So you thought December was unusually warm? Well, ditch that sweater because 2016 is forecast to be the hottest year ever recorded.
According to the UK Met Office, the global average temperature for next year is expected to be between 0.72°C and 0.96°C above the long-term (between 1961–1990) average of 14°C.
The Met Office said there is just a 5 per cent chance that 2016 will be below the 2015 global average temperature.
Professor Chris Folland, Met Office research fellow, said: “2015 is on track to be the warmest year on record, and this forecast suggests 2016 is likely to be at least as warm, if not warmer.”
As the Met Office explained, human-induced climate change and a “smaller effect” from El Niño
caused by unusually warm waters in the tropical Pacific Ocean are the main drivers within its forecast.
“The Met Office’s 2016 forecast is certainly dramatic and, if realized, would be towards the upper end of the range predicted by the IPCC in their most recent Assessment Report.” Ed Hawkins, an associate professor at the University of Reading, told Carbon Brief.
Three Years in a Row
Professor Adam Scaife, head of long-range prediction at the Met Office, said: “This forecast suggests that by the end of 2016 we will have seen three record, or near-record, years in a row for global temperatures.”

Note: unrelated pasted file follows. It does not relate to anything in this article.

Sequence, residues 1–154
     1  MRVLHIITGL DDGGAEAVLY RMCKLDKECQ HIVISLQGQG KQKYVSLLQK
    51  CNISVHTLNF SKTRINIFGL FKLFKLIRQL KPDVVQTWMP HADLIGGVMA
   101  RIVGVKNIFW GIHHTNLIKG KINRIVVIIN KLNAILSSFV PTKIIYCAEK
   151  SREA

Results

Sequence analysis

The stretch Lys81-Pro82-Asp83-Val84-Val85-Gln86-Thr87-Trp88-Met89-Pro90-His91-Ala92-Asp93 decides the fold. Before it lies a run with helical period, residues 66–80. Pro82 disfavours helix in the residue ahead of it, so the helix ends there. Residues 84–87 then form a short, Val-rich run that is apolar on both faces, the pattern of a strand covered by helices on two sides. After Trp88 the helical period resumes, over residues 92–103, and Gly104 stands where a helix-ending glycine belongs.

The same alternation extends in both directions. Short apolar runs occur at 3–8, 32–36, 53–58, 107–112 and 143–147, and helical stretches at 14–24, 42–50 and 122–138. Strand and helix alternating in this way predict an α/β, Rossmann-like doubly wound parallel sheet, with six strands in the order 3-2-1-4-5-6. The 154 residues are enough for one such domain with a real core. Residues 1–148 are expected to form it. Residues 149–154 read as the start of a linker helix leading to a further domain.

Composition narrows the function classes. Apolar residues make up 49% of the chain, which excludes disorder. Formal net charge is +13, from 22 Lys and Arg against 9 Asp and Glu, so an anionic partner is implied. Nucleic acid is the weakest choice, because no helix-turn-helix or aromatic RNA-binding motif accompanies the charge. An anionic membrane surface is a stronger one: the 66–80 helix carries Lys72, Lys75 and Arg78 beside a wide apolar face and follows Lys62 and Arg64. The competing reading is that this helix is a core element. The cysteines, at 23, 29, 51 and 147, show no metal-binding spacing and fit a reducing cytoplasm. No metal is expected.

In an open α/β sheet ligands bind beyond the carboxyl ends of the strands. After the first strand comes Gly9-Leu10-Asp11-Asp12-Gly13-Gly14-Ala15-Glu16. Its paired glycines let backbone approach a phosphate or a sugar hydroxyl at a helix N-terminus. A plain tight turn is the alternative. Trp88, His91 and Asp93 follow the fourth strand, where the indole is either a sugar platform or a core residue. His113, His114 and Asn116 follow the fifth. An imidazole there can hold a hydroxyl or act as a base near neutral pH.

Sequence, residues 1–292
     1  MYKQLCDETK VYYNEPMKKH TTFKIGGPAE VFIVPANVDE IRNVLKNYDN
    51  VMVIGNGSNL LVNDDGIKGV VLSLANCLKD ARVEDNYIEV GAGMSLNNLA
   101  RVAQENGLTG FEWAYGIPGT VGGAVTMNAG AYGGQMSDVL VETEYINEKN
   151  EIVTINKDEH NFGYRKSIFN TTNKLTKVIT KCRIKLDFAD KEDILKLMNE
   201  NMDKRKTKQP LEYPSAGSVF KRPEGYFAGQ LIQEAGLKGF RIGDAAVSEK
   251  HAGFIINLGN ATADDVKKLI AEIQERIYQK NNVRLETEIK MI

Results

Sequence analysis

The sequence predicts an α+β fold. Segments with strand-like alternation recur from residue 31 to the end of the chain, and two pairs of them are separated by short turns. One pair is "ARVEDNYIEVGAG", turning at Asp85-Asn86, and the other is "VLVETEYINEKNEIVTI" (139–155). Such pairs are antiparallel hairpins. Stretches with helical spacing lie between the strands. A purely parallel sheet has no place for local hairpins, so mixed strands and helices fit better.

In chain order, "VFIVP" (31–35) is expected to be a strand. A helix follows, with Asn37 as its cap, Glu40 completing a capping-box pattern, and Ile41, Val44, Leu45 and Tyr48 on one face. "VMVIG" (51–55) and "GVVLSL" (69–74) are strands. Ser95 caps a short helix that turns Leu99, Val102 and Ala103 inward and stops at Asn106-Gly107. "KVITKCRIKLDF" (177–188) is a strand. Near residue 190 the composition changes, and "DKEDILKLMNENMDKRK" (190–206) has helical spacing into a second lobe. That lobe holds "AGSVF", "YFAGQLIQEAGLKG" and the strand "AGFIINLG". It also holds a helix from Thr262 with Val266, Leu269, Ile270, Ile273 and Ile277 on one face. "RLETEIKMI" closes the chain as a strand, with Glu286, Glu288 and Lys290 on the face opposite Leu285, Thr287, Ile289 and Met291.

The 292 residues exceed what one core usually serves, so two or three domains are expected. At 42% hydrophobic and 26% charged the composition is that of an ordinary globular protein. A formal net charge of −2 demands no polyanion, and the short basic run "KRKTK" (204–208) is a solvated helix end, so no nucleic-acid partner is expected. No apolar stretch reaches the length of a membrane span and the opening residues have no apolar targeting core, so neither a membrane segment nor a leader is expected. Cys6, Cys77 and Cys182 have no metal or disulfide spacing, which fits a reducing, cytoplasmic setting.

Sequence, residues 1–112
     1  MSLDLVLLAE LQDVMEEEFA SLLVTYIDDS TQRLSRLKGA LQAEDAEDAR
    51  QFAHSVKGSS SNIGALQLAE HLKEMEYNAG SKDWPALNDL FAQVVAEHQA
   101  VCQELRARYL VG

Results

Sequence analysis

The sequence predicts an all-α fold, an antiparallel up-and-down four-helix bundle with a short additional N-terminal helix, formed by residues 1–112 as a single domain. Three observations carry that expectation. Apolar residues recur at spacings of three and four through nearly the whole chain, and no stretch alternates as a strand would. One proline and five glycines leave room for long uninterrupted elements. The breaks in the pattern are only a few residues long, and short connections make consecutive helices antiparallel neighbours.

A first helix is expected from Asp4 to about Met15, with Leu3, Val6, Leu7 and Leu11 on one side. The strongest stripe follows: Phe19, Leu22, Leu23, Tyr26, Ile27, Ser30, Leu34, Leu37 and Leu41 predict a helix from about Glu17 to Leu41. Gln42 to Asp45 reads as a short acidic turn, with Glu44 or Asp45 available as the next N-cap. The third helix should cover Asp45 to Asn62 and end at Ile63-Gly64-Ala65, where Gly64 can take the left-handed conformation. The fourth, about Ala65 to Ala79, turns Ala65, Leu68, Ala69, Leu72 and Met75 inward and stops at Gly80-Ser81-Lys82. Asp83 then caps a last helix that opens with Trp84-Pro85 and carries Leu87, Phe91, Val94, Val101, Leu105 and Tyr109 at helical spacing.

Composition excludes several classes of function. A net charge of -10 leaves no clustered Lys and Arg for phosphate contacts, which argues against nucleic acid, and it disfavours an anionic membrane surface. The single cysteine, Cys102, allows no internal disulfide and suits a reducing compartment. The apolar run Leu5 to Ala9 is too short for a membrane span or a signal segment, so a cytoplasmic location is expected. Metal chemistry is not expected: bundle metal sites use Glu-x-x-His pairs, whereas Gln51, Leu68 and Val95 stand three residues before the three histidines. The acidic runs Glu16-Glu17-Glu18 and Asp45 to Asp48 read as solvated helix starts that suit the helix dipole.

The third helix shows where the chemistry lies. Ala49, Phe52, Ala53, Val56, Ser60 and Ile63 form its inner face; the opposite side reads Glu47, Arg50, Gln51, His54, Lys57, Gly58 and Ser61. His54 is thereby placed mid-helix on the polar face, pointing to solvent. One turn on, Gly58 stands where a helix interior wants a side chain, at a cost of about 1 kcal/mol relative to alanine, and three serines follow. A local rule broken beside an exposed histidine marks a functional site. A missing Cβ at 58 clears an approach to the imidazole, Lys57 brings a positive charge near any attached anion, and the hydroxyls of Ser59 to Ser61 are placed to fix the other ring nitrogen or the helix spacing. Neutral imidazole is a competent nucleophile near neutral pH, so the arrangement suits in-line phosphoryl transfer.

And as the Met Office press statement reads: “The Met Office doesn’t expect this run of back-to-back records continue indefinitely, but the current situation shows how global warming can combine with smaller, natural fluctuations to push our climate to levels of warmth which are unprecedented in the data records.”
This forecast came just days after 195 nations agreed a historic deal to tackle climate change at the UN Paris climate summit. There, they agreed to keep the world’s temperature rise under 2°C, with the aim to minimise it to 1.5°C.
However, as the Met Office forecast shows, the global average temperature in 2016 is expected to be 1.14°C above pre-industrial temperatures. And in 2015 the world already surpassed the critical 1°C threshold.
All of this demonstrates just how challenging it will be to meet the ambitious 1.5°C target agreed in Paris. Perhaps some stronger New Year’s resolutions are needed to build upon the Paris Agreement?
Photo: David Mills via Flickr